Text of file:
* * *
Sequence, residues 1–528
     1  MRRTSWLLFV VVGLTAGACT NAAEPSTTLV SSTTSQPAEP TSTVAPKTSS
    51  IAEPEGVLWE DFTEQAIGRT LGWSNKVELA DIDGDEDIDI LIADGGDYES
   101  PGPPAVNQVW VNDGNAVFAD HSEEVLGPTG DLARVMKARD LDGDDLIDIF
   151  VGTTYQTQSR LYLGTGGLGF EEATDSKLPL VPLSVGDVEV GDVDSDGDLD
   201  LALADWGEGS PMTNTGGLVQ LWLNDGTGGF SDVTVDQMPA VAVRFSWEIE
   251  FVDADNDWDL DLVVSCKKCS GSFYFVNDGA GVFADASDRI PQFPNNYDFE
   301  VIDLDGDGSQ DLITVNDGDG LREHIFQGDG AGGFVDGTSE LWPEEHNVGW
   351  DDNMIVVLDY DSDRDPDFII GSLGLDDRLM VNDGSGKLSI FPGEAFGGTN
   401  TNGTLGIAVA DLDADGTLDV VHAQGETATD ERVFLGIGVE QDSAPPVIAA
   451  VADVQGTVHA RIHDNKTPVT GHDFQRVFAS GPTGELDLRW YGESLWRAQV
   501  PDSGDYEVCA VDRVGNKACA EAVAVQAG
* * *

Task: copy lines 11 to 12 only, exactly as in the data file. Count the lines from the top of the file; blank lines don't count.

   451  VADVQGTVHA RIHDNKTPVT GHDFQRVFAS GPTGELDLRW YGESLWRAQV
   501  PDSGDYEVCA VDRVGNKACA EAVAVQAG